Sports broadcaster caught on hot mic directing racial slur at girls' basketball team
An Oklahoma sports commentator is under investigation after he was heard on a live microphone Thursday night directing a racial slur at a girls' high school basketball team.
Norman High girls' basketball coach Frankie Parks tweeted a clip Friday where the broadcaster from the National Federation of High School Networks, can be heard berating players and using a racist slur as they knelt for the playing of the national anthem before a state playoff game.
The broadcaster, identified by The Frontier as Matt Rowan, owns OSPN, the live-streaming platform that broadcast Thursday's game.
"I hope Norman gets their ass kicked," he said before launching into a tirade that involved several profanities and the racist comment.
The broadcaster's remarks drew condemnation from school officials, Norman Mayor Breea Clark, a Democrat, and former University of Oklahoma football stars Kenny Stills and Gerald McCoy. Norman High players also received broad support on social media, with some rallying around the Twitter hashtag #ThisIsWhyWeKneel.
Norman guard Myka Perry, a Florida recruit, called the comments "disrespectful and disgusting" in a social media post, adding, "This is why we kneel. I love my sisters, and this makes us that much stronger. You are part of the problem."
The Oklahoma Secondary School Activities Association (OSSAA), the state athletic organization which contracted the announcers through NFHS for the state tournament, said it was "made aware that some very offensive, inappropriate comments were made during the NFHS livestream broadcast" and that it had pulled the broadcast team.
"On behalf of the NFHS Network and the OSSAA, we sincerely apologize that this happened at one of our events. While we are currently investigating the incident, this crew will not be doing any more games for the remainder of our championships," executive director David Jackson said in a statement. "This kind of behavior will never be tolerated by anyone representing the NFHS or OSSAA. State tournament playoffs are a special time for our schools, their students, and their communities [sic], and anything that is counter-productive to education-based activities will be addressed immediately and appropriately. We will make further comments as we finish our investigation."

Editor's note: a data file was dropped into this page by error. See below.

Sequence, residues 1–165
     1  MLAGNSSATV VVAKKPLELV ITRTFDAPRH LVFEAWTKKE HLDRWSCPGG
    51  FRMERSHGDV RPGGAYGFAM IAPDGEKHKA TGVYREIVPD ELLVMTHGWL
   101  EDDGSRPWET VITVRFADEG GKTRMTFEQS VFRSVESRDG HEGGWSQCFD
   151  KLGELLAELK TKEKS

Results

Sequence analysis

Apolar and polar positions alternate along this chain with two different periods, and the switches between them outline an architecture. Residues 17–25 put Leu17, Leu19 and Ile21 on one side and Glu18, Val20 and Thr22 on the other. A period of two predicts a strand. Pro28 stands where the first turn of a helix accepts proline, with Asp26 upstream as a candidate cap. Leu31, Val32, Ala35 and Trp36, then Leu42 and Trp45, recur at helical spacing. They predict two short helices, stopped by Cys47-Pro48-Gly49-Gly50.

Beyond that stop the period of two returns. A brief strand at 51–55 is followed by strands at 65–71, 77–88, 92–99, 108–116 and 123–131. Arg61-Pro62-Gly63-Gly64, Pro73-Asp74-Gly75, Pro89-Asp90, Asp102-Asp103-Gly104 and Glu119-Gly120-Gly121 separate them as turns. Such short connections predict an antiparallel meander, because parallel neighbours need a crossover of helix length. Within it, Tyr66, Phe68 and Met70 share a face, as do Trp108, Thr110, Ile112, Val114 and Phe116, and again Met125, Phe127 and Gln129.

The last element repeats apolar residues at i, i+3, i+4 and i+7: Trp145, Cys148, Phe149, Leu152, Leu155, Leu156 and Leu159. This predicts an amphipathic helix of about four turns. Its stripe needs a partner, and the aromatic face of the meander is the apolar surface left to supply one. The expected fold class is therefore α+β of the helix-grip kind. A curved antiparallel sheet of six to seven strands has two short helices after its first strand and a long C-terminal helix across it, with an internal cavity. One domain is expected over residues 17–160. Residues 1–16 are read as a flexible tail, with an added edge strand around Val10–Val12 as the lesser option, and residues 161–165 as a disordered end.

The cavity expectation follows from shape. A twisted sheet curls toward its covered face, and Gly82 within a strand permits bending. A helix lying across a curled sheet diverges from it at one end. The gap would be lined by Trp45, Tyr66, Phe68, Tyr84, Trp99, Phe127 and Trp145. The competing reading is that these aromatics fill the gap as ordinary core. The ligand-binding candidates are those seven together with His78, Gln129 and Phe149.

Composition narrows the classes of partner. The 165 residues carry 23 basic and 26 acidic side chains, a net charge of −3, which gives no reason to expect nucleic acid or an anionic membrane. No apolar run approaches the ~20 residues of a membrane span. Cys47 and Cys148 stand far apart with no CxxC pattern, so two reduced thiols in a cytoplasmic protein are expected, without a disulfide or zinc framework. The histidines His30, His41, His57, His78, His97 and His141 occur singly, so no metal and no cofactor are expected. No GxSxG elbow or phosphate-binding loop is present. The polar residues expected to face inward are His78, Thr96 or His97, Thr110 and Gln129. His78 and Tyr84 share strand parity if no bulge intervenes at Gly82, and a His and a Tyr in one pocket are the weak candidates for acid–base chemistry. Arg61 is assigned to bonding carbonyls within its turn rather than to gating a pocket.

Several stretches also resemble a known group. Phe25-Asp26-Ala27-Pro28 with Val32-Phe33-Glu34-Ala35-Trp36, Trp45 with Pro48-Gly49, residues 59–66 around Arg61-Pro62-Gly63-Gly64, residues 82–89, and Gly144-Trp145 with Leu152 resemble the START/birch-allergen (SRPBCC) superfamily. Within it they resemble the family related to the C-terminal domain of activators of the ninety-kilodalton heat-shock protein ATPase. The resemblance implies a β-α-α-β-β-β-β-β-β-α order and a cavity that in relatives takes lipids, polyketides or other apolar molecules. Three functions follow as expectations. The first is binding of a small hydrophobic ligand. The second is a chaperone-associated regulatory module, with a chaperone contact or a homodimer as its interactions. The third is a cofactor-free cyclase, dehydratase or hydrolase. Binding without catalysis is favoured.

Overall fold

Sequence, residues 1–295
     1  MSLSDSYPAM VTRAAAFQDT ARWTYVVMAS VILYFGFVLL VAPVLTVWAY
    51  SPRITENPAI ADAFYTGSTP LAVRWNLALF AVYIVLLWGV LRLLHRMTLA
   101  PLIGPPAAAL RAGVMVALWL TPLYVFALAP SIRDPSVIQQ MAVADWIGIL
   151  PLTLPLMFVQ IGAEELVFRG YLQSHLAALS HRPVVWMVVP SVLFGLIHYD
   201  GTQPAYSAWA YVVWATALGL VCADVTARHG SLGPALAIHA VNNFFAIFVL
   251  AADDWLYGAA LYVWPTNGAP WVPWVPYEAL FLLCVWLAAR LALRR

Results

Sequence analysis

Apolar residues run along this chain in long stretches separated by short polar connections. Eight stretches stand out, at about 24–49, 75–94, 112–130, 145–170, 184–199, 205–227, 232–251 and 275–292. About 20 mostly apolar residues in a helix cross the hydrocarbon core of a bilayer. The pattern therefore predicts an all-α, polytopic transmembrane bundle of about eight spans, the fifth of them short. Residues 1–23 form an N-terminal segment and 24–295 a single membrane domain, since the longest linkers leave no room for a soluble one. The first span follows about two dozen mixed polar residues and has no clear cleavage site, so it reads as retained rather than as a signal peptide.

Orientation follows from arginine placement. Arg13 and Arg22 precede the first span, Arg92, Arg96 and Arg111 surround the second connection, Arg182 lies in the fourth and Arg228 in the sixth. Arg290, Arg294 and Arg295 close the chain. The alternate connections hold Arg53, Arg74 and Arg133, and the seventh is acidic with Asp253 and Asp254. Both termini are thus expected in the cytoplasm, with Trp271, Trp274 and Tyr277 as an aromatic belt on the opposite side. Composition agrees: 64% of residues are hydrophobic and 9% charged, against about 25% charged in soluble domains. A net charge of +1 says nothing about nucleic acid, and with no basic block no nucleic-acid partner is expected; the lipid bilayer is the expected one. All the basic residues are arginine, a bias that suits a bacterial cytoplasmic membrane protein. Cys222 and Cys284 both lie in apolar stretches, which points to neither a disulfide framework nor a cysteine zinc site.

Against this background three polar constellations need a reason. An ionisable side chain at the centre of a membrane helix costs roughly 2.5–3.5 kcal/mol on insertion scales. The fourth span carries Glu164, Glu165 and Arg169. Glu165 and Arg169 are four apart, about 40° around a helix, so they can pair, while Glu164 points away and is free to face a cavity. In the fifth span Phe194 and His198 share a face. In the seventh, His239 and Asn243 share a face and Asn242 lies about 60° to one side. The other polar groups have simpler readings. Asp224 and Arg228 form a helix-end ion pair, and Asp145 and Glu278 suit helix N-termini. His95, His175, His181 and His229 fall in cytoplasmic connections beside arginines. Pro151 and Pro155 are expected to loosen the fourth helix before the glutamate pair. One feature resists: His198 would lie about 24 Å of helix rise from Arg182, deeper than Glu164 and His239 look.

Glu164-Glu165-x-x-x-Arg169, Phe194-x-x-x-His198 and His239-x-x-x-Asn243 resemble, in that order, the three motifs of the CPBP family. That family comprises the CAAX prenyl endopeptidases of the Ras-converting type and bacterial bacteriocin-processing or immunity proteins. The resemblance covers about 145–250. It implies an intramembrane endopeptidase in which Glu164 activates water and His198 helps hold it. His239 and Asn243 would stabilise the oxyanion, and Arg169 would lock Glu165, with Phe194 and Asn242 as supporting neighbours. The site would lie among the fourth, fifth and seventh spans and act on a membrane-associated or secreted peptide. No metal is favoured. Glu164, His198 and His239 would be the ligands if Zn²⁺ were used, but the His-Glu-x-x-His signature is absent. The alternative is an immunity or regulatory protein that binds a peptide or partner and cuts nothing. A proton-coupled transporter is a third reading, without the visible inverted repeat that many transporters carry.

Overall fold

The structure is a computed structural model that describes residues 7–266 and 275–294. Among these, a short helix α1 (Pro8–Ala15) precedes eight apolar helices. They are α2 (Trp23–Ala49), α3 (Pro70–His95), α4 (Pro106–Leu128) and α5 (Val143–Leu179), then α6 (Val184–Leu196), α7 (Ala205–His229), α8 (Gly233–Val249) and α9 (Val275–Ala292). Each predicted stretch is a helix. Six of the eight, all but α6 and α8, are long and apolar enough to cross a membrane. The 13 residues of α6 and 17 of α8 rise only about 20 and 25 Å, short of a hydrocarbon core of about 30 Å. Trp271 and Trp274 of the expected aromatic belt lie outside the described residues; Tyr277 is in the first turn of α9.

The NFHS Network said it is "aggressively investigating the incident and will ensure that any individuals responsible will have no relationship with the NFHS Network moving forward." In response to questions regarding the identity of the broadcaster who made the comments, it referred The Washington Post to its earlier statement.
In a statement, Rowan blamed his comments in part on having diabetes.
"I made inappropriate and racist comments believing that the microphone was off; however, let me state immediately that is no excuse, such comments should have never been uttered," Rowan said in the statement.
"I will state that I suffer Type 1 Diabetes and during the game my sugar was spiking. While not excusing my remarks, it is not unusual when my sugar spikes that I become disoriented and often say things that are not appropriate as well as hurtful.
"I offer my most sincere apologies for the inappropriate comments made and hope that I can obtain forgiveness. I specifically apologize to the Norman High School girls basketball team, their families, their coaches and their entire school system."
Norman High went on to defeat Midwest City in Thursday's quarterfinal. Its semifinal against Tulsa Union will be live-streamed through Norman Sports TV.
Rick Cobb, the superintendent of Mid-Del Public Schools, which includes Midwest City, said in a statement he is hopeful OSSAA will review "any future contracts [NFHS] have for broadcasting school activities" in Oklahoma.
Clark said she has been in contact with players' parents and is planning a town hall with "the youth of Norman, so we can learn how this incident has impacted them and hear directly from our kids how we can improve our community going forward."
Norman Public Schools superintendent Nick Migliorino reiterated support for players in a statement on Friday.
"We condemn and will not tolerate the disgusting words and attitudes of these announcers. This type of hate speech has no place in our society and we are outraged that it would be directed at any human being, and particularly at our students," he said.
"We fully support our students' right to freedom of expression and our immediate focus is to support these girls and their coaches and families, particularly our Black students and coaching staff. It is tragic that the hard work and skill of this team is being overshadowed by the vile, malignant words of these individuals. We will do everything in our power to support and uplift our team and everyone affected by this incident."